Primary Thieves, Part 1
By Jamie Duncan, posted October 24, 2016 —
As a first-grade teacher, I lived in Literacy
Land for the first thirteen years of my career. Nearly all primary-grade
teachers live there. It’s a great place to be; learning to read, write, and
comprehend is critical. Sure, we took day trips to Math Land, but it was less
comfortable for us as teachers. We weren’t really sure where Math Land would
take us next. We had heard that the older grades were throwing math parties,*
but we weren’t invited. So, we just kept to ourselves, doing what we thought
was best: using manipulatives and modeling for students in whatever way we (or
the publisher’s curriculum) thought they should solve problems.
Within only the last three years have I been
invited to the math party, and I all too easily could have checked the decline box on the R.S.V.P. I’m here to
say to all primary-grade teachers, “Stop waiting to be invited to the math
the purposes of this post, let’s define a math party as an event where people
come together to learn more about both mathematical content and pedagogy
specific to the teaching and learning of mathematics.
There are always going to be more intermediate,
middle school, and high school math parties—unless you yourself change that.
Yes, you. Maybe not right away but definitely in time. We, as primary-grade teachers, must take advantage
of what these parties have to offer. How do you imagine that improving your own
content knowledge would affect how you teach mathematics? What instructional
practices do middle and high school teachers use that might work in your
Go to those math parties with or without an
invitation! Put on your Robin Hood hat with a feather in it and be a thief of
learning if you must. Don’t wait for something geared toward your grade span to
continue learning more about math. I have been and will continue to be a thief
of the math world. Aside from working to improve my level of content knowledge,
I have stolen many instructional practices from the upper grades, most recently
Fraction Talks. What
the upper-grade teachers may not realize is that the perspective you bring to
both the classroom and to the professional development event is crucial.
I recently attended a professional
development experience offered by Ryan
Andrews, and Chris Perez titled, “Linking
Proportional Relationships to Algebraic Thinking.” Yikes, right?! Initially, I
didn’t plan on attending. For one thing, I didn’t think I was allowed to go,
since it was for middle school teachers. Second, what would I even do there?
Would I remember how to solve those types of problems? Would the middle school
and high school teachers laugh at me? I truly hate to say it, but my own
version of math anxiety could have kept me from going; even though I try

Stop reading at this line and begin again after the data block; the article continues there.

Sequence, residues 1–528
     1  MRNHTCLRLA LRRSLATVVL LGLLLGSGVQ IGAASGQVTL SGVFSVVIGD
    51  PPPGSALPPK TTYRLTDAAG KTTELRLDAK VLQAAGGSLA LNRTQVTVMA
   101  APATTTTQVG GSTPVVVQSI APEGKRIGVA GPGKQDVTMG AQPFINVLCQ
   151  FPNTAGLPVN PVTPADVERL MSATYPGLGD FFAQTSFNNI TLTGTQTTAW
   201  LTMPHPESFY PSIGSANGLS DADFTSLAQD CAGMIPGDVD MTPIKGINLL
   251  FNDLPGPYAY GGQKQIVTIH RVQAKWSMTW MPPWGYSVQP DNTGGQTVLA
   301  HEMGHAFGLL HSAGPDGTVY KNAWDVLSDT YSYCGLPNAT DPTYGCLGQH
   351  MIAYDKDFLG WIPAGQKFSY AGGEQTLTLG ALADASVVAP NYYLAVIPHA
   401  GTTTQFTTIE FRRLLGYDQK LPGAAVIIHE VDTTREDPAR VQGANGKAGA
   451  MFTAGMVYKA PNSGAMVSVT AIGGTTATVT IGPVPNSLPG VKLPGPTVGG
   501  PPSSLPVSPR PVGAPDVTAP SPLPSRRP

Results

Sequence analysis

incredibly hard to bury it and leave it in my high school teacher’s precalculus
classroom, where my math career ended. I’m sorry, Jo Boaler; I’m
trying. It is extremely powerful to make peace with the fact that we don’t know
all there is to know about math or teaching and learning. In fact, I think many
would agree that it’s admirable.
In short, we ended up having teachers from
all grades at the professional development session. The crucial benefit that
surfaced for all of us was how much learning the progressions helped us
understand math. When we learn about how a concept develops over time, we are
learning more about the nature of math itself. Think
about how you view the math you are going to teach your kids. Do you focus on
what it is you want students to do or understand? Both? How do those two
differ? Where does the balance lie? How does one idea in mathematics connect to
another? Over the last few years, I have attended a lot of math professional development sessions, and trust me when
I say that the times when I steal ideas from upper-grade sessions, I learn and grow,
and so do my students.
We need to come to these workshops with the
mindset of a thief. Consider stealing ideas like the following:
more can I learn about math, and how will that affect how I teach my students?
instructional practices do the very best middle and high school teachers use?
there a way I can tweak those practices and use them in my classroom while
keeping them developmentally appropriate?
After you have acted as a thief, you will find
a time to repay the favor. Remember that Robin Hood hat you put on? Robin Hood
stole from the rich and gave to the poor. Now it’s your turn. Ask yourself, How
can I share what I am learning with other primary teachers? What do I bring to
the table? What can I do to help support middle and high school teachers? The
answer to these questions may shock you.
Please add your thoughts to the comments or
connect via twitter.
Jamie Duncan has served as a classroom teacher for
fifteen years. She is a master learning facilitator in her classroom engaging
all students in the Standards for Mathematical Practice through 3-Act Tasks,
facilitating meaningful discourse, Number Talks, and building procedural
fluency from a foundation of conceptual understanding. Jamie is a contributor
to math educators around the nation through the Math Twitter Blogosphere
(MTBoS). She writes at www.elementarymathaddict.com, where she shares her learning journey and works together with teachers
from across the globe. Her passion for meaningful learning has led her to
present for her school district, the California Math Council–South, and NCTM’s Annual
Conference. She is interested in learning more about student thinking and how
that grows to mathematical fluency.